But only twenty minutes had gone. Never, it seemed, had there been so dark a night. Waterhen barely skimmed the shore, yet the sheer escarpment was but dull and vague, the entrance to the port invisible. Occasionally the sky glowed an angry red as Ladybird’s shells found some oil dump, or was pocked with flaming debris as ammunition exploded with a roar. From the heights overlooking the port Italian machine gunners flung cascades of fiery tracer at the barely visible gunboat. Machine guns were the only weapons that would bear, and even they were useless against the elusive intruder.

 

Then Ladybird appeared again, and Waterhen’s men could hardly repress a cheer. But the heavy guns would bear now, so the Australian destroyer raced between the gunboat and the Italian gunners, laying a thick black smoke screen. For a few moments Waterhen was under fire from point-blank range. The dark water on both sides of the ship was churned into boiling white foam as shells burst, but then the destroyer altered course behind her own smoke screen and steamed off to shield Ladybird. As she altered course a torpedo exploded in her wake, not two hundred yards astern.

 

Meanwhile, keeping close station in the darkness, Stuart, Juno, hex and Diamond were approaching Bomba.

 

Captain Wailer’s charts were not accurate, nor were they clear, and he was forced to alter course by dead reckoning. With soundings as his chief guide, he plotted the division’s course.

 

The destroyers hoped to make the northern end of the Gulf of Bomba about 1a.m. and ten minutes before this time look-outs sighted land.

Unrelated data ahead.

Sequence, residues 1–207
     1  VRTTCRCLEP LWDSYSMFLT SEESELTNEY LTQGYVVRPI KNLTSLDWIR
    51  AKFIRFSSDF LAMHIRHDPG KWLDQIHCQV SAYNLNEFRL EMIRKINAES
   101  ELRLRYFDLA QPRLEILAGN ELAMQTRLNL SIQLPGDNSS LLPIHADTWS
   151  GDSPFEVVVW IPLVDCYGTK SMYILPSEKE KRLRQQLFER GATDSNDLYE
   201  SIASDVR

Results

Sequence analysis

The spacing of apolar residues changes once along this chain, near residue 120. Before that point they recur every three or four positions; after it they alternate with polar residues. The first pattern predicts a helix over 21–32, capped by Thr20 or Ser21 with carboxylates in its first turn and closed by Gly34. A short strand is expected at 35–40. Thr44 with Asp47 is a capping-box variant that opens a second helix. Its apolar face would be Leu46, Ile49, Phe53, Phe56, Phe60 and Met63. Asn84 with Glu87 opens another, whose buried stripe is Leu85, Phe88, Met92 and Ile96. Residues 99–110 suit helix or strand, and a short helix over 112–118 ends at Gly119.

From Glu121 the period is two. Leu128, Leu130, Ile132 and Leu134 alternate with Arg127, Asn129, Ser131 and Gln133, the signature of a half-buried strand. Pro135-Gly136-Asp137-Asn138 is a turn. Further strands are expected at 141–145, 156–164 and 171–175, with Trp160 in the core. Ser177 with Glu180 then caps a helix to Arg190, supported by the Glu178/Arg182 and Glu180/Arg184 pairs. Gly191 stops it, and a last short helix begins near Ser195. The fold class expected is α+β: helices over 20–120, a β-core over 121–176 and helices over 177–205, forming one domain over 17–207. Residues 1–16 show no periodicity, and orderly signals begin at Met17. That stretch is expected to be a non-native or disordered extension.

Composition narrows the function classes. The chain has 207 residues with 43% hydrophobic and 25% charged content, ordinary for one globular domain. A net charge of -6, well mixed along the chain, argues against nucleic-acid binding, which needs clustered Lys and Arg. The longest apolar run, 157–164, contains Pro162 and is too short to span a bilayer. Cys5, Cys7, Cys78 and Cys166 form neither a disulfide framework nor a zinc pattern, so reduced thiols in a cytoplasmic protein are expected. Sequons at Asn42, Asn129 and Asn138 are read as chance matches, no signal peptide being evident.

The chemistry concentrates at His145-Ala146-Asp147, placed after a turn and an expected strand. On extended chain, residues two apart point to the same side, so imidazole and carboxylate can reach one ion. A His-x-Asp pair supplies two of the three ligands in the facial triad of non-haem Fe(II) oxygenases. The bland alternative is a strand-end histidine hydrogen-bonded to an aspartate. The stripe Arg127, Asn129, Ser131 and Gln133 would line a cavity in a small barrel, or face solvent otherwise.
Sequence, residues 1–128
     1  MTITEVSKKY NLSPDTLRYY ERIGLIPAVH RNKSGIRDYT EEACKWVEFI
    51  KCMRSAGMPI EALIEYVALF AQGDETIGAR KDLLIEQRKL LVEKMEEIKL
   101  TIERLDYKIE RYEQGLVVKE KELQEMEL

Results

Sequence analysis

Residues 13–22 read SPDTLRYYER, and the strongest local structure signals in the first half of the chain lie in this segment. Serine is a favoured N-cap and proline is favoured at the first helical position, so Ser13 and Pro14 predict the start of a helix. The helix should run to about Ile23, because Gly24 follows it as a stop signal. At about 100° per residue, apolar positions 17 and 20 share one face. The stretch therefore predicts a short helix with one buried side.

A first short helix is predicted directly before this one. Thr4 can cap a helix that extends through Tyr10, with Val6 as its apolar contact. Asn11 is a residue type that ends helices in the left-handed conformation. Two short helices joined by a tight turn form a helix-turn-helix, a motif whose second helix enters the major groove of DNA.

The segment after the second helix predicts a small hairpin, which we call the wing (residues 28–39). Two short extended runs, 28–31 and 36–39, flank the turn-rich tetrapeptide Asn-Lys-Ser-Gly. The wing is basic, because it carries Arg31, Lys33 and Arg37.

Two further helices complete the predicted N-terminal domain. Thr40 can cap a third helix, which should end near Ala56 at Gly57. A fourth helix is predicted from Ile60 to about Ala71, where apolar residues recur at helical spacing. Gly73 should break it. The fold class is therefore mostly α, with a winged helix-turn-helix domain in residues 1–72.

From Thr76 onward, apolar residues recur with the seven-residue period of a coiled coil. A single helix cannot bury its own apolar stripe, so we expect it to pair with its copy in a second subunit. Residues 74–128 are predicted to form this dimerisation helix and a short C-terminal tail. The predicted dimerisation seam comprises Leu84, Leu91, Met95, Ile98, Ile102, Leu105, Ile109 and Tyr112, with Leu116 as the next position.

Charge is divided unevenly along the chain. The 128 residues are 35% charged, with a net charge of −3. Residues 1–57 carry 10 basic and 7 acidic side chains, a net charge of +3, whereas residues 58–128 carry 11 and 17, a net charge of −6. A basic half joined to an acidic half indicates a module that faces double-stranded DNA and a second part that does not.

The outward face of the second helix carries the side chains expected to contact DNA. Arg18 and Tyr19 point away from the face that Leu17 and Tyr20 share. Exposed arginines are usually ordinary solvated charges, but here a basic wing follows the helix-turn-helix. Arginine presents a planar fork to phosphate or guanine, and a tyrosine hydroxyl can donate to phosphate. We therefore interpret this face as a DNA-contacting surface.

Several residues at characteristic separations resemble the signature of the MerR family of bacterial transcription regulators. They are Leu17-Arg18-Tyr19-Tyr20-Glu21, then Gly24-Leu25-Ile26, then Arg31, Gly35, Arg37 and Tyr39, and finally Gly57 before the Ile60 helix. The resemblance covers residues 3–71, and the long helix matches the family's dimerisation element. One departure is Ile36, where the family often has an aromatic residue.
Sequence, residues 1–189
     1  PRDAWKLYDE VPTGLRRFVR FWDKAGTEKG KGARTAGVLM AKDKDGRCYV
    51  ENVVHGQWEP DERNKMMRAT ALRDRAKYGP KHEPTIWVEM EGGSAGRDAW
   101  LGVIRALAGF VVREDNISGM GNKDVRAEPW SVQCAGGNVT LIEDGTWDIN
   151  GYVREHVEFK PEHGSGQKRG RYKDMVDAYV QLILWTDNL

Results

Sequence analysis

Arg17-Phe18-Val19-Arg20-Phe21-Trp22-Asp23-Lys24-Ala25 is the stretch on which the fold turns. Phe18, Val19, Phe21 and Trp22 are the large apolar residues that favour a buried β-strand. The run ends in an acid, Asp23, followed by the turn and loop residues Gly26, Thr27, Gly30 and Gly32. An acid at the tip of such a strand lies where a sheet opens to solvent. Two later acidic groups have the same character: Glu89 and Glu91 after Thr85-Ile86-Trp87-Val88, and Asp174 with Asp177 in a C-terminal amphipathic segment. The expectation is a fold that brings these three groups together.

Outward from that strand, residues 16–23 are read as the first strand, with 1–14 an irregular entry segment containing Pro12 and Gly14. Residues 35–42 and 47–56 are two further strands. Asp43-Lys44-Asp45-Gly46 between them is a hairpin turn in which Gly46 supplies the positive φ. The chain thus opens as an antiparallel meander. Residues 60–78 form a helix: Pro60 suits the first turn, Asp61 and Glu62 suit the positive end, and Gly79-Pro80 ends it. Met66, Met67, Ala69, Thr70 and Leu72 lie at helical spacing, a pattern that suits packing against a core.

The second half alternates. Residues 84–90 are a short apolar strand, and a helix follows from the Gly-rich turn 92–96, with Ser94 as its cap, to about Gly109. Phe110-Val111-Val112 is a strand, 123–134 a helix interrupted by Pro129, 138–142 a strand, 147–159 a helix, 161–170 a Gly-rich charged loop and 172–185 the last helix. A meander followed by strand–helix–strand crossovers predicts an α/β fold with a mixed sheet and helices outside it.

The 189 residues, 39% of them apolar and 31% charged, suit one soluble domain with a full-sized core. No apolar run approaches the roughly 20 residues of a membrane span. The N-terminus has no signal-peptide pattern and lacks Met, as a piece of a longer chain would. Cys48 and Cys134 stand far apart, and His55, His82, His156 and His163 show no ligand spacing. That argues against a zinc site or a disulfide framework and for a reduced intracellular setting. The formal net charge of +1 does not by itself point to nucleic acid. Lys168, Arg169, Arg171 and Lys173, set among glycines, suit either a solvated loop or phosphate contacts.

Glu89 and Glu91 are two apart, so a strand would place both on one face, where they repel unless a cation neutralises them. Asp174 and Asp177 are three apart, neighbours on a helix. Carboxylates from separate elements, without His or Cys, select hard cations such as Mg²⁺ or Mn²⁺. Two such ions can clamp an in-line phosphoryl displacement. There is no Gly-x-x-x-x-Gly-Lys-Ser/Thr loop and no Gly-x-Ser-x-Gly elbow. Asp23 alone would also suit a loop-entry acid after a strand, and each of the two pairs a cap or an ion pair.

Through powerful glasses Captain Wailer and his officers studied the shoreline, looked for some prominent topographical feature to guide them. But through the heavy inshore mist they could distinguish nothing except very low headlands.

 

Then, slightly to port of Stuart’s course, a patch of lights appeared from behind a low cliff. Course was altered immediately, speed was reduced, and guns were trained on the lights. But the ships had been sighted and the lights snapped out. The target was known now, however, and Captain Wailer ordered: “Open fire.”

 

By the light of the gun flashes the four tiny destroyers were seen steaming in line ahead, their guns trained to starboard and launching salvo after salvo. Ashore, the crash of bursting shells and the flames and dull explosions in the target area testified to the accuracy of the gunnery.

 

Fire ceased a few minutes later, speed was increased to reach the southern objective, and then the bombardment began again.

 

The target could not be seen, but shells burst ashore and fires were started. The four destroyers wheeled away at twenty-five knots, and steamed out to meet H.M.A.S. Sydney, screening her back to Alexandria.

 

This was Stuart’s last “official” engagement before it was decided that she must have a refit. But so great was the demand made on the destroyers, it was to be a full month before she could be spared, and during that time she was to sink another submarine.